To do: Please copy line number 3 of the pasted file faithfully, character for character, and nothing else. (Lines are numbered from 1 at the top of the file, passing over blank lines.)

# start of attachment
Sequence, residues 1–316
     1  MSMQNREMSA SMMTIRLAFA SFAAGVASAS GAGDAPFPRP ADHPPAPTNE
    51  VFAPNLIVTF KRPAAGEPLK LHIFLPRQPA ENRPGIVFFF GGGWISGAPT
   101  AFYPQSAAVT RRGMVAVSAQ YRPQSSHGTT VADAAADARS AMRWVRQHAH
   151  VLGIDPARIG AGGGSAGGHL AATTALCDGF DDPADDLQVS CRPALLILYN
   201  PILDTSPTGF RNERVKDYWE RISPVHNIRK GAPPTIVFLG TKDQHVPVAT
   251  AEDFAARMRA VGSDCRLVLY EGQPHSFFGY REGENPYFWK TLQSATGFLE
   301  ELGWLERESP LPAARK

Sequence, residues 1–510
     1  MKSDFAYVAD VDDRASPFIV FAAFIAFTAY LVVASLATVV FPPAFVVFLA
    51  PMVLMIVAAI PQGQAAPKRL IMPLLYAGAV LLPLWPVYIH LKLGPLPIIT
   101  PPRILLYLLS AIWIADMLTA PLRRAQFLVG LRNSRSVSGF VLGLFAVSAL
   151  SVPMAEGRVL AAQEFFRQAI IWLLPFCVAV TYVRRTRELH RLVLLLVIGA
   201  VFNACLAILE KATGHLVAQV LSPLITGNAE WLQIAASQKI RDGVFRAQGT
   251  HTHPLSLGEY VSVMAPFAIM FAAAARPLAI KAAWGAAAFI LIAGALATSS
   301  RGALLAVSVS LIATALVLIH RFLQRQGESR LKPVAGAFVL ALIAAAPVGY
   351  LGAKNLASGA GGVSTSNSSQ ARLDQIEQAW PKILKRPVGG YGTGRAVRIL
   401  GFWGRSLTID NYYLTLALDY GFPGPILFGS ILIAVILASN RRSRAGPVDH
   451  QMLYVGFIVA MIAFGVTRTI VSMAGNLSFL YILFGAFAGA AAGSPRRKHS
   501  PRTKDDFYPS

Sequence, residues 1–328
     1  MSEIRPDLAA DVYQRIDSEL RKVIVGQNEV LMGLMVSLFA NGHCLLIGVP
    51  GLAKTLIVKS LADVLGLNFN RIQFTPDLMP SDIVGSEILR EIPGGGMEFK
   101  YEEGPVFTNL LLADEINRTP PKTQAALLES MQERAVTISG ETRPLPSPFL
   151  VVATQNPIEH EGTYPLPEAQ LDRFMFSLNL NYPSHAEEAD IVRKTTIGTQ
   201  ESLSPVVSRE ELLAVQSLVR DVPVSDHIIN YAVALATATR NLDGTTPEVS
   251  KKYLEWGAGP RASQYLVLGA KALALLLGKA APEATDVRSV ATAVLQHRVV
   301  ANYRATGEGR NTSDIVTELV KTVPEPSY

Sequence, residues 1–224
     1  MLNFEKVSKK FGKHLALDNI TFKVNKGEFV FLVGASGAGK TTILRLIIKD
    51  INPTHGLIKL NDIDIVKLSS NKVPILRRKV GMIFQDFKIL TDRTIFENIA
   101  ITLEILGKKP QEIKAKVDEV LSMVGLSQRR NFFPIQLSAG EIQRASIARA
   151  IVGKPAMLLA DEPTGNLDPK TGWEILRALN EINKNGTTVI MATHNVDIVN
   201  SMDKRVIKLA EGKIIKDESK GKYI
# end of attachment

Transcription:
    51  VFAPNLIVTF KRPAAGEPLK LHIFLPRQPA ENRPGIVFFF GGGWISGAPT